Drought

Drought has become more common, especially in the tropics, since 1970. Droughts are becoming longer and more severe and are affecting a wider area. This is consistent with decreased precipitation in some areas and higher temperatures causing drying conditions. Increasing sea surface temperatures and loss of snow are direct contributors to drought. An index called the Palmer Drought Severity Index (PDSI) is used to compare the extent of local loss of surface land moisture. Figure 3-27 shows that

Global Thermal Balance

Figure 3-27 The Palmer Drought Severity Index (PSDI1) from 1900-2002 shows a tendency toward increasing drought conditions worldwide. (Source: IPCC.)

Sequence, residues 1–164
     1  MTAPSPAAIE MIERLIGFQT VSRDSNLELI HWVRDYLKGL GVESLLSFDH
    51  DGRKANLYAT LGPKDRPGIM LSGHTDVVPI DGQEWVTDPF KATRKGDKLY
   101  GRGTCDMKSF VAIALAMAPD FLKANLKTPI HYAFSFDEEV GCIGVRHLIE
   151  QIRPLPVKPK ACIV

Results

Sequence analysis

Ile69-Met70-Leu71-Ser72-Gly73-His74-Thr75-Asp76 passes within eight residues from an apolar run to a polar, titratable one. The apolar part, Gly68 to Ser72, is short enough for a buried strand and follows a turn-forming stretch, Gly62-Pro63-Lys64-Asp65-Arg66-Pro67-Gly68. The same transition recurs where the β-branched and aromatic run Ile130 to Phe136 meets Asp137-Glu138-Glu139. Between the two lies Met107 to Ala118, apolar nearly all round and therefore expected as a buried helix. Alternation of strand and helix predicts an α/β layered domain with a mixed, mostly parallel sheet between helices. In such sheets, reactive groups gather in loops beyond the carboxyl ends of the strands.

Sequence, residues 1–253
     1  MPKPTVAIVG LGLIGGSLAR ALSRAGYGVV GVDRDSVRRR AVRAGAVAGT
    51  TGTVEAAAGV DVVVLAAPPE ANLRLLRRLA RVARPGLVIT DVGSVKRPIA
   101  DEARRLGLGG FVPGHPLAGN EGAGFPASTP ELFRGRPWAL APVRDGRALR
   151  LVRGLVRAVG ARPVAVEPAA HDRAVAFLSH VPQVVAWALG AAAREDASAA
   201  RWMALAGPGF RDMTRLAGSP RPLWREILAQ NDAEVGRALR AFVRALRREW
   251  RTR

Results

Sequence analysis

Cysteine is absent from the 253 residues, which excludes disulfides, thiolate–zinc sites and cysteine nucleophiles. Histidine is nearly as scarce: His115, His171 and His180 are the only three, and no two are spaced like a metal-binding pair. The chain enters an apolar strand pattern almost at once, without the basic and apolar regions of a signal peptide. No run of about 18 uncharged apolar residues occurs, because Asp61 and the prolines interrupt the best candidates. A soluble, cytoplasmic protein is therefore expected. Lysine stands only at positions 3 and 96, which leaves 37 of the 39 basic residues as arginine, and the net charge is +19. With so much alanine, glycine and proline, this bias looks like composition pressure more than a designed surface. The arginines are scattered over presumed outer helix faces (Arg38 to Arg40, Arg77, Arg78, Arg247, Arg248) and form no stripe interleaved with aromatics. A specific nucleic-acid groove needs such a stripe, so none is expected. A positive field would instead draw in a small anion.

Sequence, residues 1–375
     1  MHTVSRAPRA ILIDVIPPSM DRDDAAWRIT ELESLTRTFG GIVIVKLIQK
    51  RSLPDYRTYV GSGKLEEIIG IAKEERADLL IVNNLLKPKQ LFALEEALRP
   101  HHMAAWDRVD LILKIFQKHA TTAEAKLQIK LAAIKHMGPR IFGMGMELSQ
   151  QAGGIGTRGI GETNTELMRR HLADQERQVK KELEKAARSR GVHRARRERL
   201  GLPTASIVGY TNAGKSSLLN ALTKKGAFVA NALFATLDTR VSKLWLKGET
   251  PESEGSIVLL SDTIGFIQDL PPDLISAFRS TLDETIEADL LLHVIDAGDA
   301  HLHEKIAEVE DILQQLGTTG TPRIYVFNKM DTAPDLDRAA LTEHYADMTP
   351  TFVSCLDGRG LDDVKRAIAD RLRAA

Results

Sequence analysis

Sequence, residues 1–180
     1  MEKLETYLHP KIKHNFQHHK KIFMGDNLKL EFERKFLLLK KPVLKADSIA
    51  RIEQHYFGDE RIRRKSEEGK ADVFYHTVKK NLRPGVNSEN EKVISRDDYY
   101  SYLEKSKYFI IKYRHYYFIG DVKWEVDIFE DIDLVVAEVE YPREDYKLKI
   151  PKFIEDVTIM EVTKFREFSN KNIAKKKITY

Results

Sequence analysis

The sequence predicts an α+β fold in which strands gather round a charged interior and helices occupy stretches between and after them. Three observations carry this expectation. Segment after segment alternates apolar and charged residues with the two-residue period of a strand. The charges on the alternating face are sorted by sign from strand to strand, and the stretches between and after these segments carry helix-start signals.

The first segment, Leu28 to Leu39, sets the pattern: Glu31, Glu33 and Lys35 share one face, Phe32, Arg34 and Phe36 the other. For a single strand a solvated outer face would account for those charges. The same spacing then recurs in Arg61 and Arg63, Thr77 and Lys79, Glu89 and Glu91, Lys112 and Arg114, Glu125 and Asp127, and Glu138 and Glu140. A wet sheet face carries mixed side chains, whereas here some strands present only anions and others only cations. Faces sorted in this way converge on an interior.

1900 1920 1940 1960 1980 2000

Figure 3-27 The Palmer Drought Severity Index (PSDI1) from 1900-2002 shows a tendency toward increasing drought conditions worldwide. (Source: IPCC.)

drought conditions overall have been increasing worldwide since 1900. Some regions, such as the southern part of South America, are not seeing drought but rather an increase in moisture. However, more areas than not are seeing drying conditions. The smooth line through the data shows a pattern of natural increases and decreases on the time scale of decades. The dominant pattern that emerges through the natural variations is a trend toward more severe drought conditions worldwide.

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